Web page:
Part of Advances in Neural Information Processing Systems 33 (NeurIPS 2020)
Barret Zoph, Golnaz Ghiasi, Tsung-Yi Lin, Yin Cui, Hanxiao Liu, Ekin Dogus Cubuk, Quoc Le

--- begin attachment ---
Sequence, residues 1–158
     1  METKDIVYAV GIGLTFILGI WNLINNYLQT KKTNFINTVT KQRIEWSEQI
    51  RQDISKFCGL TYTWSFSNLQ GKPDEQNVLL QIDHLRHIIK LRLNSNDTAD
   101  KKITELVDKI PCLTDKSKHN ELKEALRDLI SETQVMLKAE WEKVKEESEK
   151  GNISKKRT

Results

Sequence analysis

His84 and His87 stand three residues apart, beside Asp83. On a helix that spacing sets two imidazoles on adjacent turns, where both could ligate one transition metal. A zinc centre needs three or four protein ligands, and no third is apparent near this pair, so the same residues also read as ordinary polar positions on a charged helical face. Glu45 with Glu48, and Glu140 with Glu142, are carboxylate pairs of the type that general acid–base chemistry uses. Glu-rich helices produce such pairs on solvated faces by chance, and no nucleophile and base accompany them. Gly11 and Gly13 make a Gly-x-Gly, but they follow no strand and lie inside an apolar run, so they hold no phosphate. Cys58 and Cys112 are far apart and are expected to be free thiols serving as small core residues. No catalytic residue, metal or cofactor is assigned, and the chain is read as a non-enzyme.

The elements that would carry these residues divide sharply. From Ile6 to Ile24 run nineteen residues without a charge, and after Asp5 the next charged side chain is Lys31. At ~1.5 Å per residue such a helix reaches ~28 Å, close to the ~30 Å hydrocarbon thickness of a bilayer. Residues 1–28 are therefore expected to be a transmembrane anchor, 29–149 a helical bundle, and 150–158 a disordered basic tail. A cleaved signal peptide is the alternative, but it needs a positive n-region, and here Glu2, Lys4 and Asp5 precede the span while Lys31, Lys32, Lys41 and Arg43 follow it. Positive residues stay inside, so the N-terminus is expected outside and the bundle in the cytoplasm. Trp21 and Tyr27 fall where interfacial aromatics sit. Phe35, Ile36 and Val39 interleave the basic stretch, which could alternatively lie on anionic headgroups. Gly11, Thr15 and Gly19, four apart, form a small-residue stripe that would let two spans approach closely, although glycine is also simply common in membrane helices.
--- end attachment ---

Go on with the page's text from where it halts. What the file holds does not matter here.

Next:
Pre-training is a dominant paradigm in computer vision. For example, supervised ImageNet pre-training is commonly used to initialize the backbones of object detection and segmentation models. He et al., however, show a striking result that ImageNet pre-training has limited impact on COCO object detection. Here we investigate self-training as another method to utilize additional data on the same setup and contrast it against ImageNet pre-training. Our study reveals the generality and flexibility of self-training with three additional insights: 1) stronger data augmentation and more labeled data further diminish the value of pre-training, 2) unlike pre-training, self-training is always helpful when using stronger data augmentation, in both low-data and high-data regimes, and 3) in the case that pre-training is helpful, self-training improves upon pre-training. For example, on the COCO object detection dataset, pre-training benefits when we use one fifth of the labeled data, and hurts accuracy when we use all labeled data. Self-training, on the other hand, shows positive improvements from +1.3 to +3.4AP across all dataset sizes. In other words, self-training works well exactly on the same setup that pre-training does not work (using ImageNet to help COCO). On the PASCAL segmentation dataset, which is a much smaller dataset than COCO, though pre-training does help significantly, self-training improves upon the pre-trained model. On COCO object detection, we achieve 53.8AP, an improvement of +1.7AP over the strongest SpineNet model. On PASCAL segmentation, we achieve 90.5mIOU, an improvement of +1.5mIOU over the previous state-of-the-art result by DeepLabv3+.